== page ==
“It is a great honour to receive this recognition inspired by the vision of HH the late Sheikh Zayed, I consider myself a global Ambassador of the Prize, and would like to carry forward the message of environmental sensitivity that is being championed by the leadership of Abu Dhabi.”You can read more on the press release section of the Zayed website.
Tuesday, 17 February 2009
Thursday, 12 February 2009
Last week we held a Winter Reception at the Royal Society of Arts. Jonathon Porritt CBE, who is an Ashden Awards trustee and chairman of the Sustainable Development Commission, spoke at the event.
He gave us his analysis of the energy situation in the UK, referring to the effects of recession and the "new green deal" brought in by President Obama.
As well as Jonathon's presentation, there was plenty of opportunity for networking, with investors, funders, past winners and Ashden Awards Circle members present.
There were also displays of some of our winners' technologies, including scale models such as this sawdust-fuelled stove from KSG:
and this treadle pump from IDE India:
Friday, 6 February 2009
"Can Asia go green? (and if it doesn't has the world had it?)" was a fascinating discussion amongst four women (finally!) from Asian countries. Malini Mehra, from India, Christine Loh, from Hong Kong (a Time magazine Hero of the Environment), Svati Bhogle, Indian and winner of an Ashden Award for Sustainability and Isabel Hilton, editor of China Dialogue each examined their respective country's status and future.Svati, pictured below with Ben Dixon of the Ashden Awards, won the Energy Champion award in 2008 for her work with wood stoves for businesses in India.
We had several displays set up for the event, including scale models of some of the technology used by our international winners:and the infamous "energy bike" from Global Action Plan (a 2008 UK winner):
Monday, 2 February 2009
A couple of articles featuring Ashden Awards winners have been published in the Independent recently. The first is about how Zara Solar has brought solar PV lighting to Tanzania:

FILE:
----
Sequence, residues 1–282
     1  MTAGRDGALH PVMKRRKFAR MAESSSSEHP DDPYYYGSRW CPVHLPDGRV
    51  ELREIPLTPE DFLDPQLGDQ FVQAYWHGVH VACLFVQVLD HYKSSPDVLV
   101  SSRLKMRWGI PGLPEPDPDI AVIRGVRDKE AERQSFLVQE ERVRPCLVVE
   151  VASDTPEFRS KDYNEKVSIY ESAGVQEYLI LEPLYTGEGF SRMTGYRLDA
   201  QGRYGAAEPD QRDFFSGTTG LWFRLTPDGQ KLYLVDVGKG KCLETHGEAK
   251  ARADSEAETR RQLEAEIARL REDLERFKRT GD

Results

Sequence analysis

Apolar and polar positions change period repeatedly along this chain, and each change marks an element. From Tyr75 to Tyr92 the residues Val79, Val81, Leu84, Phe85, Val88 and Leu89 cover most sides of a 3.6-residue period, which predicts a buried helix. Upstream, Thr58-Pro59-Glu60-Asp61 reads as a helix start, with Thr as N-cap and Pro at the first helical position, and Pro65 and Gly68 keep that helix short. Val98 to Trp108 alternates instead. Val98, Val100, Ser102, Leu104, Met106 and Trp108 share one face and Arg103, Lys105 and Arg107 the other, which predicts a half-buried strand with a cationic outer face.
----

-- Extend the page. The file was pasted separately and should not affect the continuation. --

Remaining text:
Developing solar power in Africa is being eagerly pursued by international organisations including the World Bank and the United Nations and a host of smaller NGOs such as the UK’s Ashden Awards, a sustainable energy initiative whose support was the catalyst for the spread of the technology through northern Tanzania. In 2007 Ashden awarded £30,000 to a local solar entrepreneur, Mohamedrafik Parpia, to expand his fledgling business and investigate ways of helping the very poorest Tanzanians access the systems. In just three years, Parpia’s business Zara Solar has fitted nearly 4,000 systems, providing electricity to a much greater number. Click here for the full storyThe second is also based on Tanzanian organisations, this time the Kisangani Smith Group, who have developed domestic stoves that can burn waste sawdust, and MRHP, who use crop waste to fire bricks:
The stoves are made from a sheet of metal which is lined with clay. Sawdust or other agricultural residues are then used as fuel. Cooking with biomass in this way dates back to the discovery of fire, but that does not make it primitive. “I kept watching the carpenters throw away sawdust,” says Reuben Mtitu, whose grandfather set up the blacksmith workshop he now runs to provide skills and employment for local young people. “I wondered why they wasted so much, and started to think of ways we could put it to good use instead.” Click here for the full story
The Big Green Challenge has just started writing a series of blog posts on how to use social media to get your message out to the world.
Vicki Costello introduces the series:
The web today can offer enormous possibility for supporting citizen-led action on social and environmental issues. From sites such as freecycle and liftshare, which provide a service to help people create specific change, to groups of people getting together through networking sites such Facebook to campaign on a particular issue.You can read the full introduction here.
Over the next 6-8 weeks, Headshift’s Robin Hamman will guest blog for Big Green Challenge to help tell you how. He’ll be talking about how to make the most of blogs, photos, maps, video and groups; tying it all together and keeping it going.
Robin has been working with the Big Green Challenge Finalists to help them make the most of social media, and we want to share some this training, through the Big Green Challenge blog, to help many more community-led projects benefit from online social media tools.
The first post of the series is here, and future posts will appear on the Big Green Challenge blog.